A pilot aiming for a 500 foot per minute descent, for example, may find himself descending too rapidly. He begins to apply up elevator until the vertical speed indicator shows 500 feet per minute. However, because the vertical speed indicator lags the actual vertical speed, the pilot is actually descending at much less than 500 feet per minute. The pilot then begins applying down elevator until the vertical speed indicator reads 500 feet per minute, starting the cycle over. It's harder than it might seem to stabilize the vertical speed because the airspeed also constantly changes.
Pilot-induced oscillations may be the fault of the aircraft, the pilot, or both. It is a common problem for inexperienced pilots, and especially student pilots. The problem is most acute when there is a relatively short distance between the wing and tail section
The empennage , also known as the tail or tail assembly, of most aircraft gives stability to the aircraft, in a similar way to the feathers on an arrow...
, so called "short coupled" aircraft. It was also a problem for the top research test pilots on the NASA
The National Aeronautics and Space Administration is the agency of the United States government that is responsible for the nation's civilian space program and for aeronautics and aerospace research...
A lifting body is a fixed-wing aircraft configuration in which the body itself produces lift. In contrast to a flying wing, which is a wing with minimal or no conventional fuselage, a lifting body can be thought of as a fuselage with little or no conventional wing...
The most dangerous pilot-induced oscillations can occur during landing
thumb|A [[Mute Swan]] alighting. Note the ruffled feathers on top of the wings indicate that the swan is flying at the [[Stall |stall]]ing speed...
. Too much up elevator during the flare can result in the plane getting dangerously slow and threatening to stall
In fluid dynamics, a stall is a reduction in the lift coefficient generated by a foil as angle of attack increases. This occurs when the critical angle of attack of the foil is exceeded...
. A natural reaction to this is to push the nose down harder than one pulled it up, but then the pilot ends up staring at the ground. An even larger amount of up elevator starts the cycle over again.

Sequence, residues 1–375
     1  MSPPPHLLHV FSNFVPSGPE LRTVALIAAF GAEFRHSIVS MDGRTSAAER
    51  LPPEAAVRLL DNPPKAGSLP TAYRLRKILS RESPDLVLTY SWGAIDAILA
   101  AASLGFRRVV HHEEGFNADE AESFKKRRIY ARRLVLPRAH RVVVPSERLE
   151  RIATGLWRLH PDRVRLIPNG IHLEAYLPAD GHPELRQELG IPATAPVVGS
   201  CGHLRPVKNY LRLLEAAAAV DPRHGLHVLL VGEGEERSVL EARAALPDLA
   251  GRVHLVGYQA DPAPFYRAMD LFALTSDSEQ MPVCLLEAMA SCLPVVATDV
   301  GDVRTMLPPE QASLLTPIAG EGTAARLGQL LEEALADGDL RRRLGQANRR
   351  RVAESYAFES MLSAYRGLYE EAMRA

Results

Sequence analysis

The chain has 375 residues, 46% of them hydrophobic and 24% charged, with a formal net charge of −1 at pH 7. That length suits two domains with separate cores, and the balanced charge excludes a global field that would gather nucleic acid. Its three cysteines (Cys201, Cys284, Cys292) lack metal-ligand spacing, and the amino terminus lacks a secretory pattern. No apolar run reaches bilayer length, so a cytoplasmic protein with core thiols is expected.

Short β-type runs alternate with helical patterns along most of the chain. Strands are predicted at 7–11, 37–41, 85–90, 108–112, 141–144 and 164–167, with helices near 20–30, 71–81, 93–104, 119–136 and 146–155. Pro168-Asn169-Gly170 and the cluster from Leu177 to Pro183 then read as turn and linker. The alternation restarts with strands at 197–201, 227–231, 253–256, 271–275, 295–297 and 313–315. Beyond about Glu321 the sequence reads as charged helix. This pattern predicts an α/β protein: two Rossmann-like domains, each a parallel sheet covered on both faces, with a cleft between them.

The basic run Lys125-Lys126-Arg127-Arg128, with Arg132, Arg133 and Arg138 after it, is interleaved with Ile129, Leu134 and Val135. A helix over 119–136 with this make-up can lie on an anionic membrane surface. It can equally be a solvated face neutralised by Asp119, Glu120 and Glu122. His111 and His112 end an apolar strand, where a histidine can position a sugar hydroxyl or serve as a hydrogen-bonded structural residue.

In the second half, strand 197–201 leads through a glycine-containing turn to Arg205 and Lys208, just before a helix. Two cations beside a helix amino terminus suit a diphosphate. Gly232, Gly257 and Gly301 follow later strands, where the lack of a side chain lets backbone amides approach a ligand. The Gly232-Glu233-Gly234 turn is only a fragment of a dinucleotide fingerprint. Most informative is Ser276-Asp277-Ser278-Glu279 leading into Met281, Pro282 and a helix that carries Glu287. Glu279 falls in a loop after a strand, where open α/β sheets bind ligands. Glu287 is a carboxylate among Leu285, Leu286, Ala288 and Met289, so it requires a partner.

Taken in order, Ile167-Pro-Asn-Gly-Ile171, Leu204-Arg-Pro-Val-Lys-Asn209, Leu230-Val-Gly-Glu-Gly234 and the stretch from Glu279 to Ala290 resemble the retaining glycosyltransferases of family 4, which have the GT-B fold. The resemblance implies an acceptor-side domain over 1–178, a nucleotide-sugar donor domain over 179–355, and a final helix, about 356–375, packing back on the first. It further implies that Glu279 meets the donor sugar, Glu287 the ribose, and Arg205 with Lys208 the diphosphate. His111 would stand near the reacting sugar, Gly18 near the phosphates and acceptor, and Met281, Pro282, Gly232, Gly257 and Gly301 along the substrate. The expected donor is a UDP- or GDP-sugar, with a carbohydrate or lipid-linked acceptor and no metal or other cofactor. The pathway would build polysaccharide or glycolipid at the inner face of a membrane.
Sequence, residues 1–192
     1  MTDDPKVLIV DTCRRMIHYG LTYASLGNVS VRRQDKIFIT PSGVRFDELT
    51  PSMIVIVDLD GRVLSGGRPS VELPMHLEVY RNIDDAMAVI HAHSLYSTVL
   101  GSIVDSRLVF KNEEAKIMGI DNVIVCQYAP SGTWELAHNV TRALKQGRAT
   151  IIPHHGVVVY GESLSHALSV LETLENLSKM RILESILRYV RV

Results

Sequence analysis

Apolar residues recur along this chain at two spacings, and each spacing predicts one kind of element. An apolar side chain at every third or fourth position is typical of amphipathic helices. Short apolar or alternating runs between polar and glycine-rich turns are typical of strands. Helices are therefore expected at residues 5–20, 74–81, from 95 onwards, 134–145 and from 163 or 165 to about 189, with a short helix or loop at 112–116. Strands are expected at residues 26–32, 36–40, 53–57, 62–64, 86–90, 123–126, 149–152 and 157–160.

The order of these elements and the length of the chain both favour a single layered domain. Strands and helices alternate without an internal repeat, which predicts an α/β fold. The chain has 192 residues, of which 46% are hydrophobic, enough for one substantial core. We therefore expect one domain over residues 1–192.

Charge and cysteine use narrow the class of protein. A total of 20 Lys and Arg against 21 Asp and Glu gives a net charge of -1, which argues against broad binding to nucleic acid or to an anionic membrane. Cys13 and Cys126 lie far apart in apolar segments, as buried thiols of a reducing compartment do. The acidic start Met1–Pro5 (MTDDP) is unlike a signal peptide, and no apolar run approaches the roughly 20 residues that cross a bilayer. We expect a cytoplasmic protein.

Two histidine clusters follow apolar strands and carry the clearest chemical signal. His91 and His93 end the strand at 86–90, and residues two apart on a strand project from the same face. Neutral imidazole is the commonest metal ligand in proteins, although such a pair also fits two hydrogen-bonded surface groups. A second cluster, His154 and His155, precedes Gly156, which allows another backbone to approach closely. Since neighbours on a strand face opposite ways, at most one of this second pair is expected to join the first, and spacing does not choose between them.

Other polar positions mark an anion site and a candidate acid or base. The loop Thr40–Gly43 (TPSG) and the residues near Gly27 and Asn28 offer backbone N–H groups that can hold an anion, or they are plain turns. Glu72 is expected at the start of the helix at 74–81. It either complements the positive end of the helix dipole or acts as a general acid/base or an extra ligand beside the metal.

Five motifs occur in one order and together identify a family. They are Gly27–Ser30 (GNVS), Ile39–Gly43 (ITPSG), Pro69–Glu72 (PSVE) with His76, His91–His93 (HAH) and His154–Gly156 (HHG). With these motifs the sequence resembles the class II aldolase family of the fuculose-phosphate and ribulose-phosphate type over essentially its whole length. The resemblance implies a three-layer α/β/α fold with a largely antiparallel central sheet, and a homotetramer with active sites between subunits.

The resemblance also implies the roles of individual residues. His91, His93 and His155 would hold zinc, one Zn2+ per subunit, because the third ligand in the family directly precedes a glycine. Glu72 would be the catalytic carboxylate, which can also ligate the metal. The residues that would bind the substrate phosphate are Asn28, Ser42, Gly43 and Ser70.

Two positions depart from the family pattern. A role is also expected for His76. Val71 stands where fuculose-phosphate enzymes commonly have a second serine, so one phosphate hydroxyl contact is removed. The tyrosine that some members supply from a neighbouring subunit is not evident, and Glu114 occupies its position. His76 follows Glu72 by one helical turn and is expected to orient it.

While Pilot-Induced oscillations often start with fairly low amplitudes, which can adequately be treated with small perturbation linear theory, several PIO's will by definition become very large.
In February 1989 a JAS 39 Gripen
JAS 39 Gripen
The Saab JAS 39 Gripen is a lightweight single-engine multirole fighter manufactured by the Swedish aerospace company Saab. It was designed to replace the Saab 35 Draken and 37 Viggen in the Swedish Air Force...
Accidents and incidents involving the JAS 39 Gripen
The JAS 39 Gripen is a fighter aircraft manufactured by the Swedish aerospace company Saab.As of May 2010, five Gripens were destroyed in crashes, two of them before the delivery to the Swedish Air Force. These aircraft included one prototype, one production aircraft and three in service with the...
when landing in Linköping, Sweden. Pilot-induced oscillation as a result of an over-sensitive, yet slow-response steering system was determined to be the cause. Subsequently, the steering system was redesigned.
Pilot-induced oscillation was blamed for the 1992 crash of the prototype F-22 Raptor
The Lockheed Martin/Boeing F-22 Raptor is a single-seat, twin-engine fifth-generation supermaneuverable fighter aircraft that uses stealth technology. It was designed primarily as an air superiority fighter, but has additional capabilities that include ground attack, electronic warfare, and signals...
, landing at Edwards Air Force Base
Edwards Air Force Base
Edwards Air Force Base is a United States Air Force base located on the border of Kern County, Los Angeles County, and San Bernardino County, California, in the Antelope Valley. It is southwest of the central business district of North Edwards, California and due east of Rosamond.It is named in...
in California. This crash was linked to actuator rate limiting, causing the pilot, Tom Morgenfeld, to over-compensate for pitch fluctuations.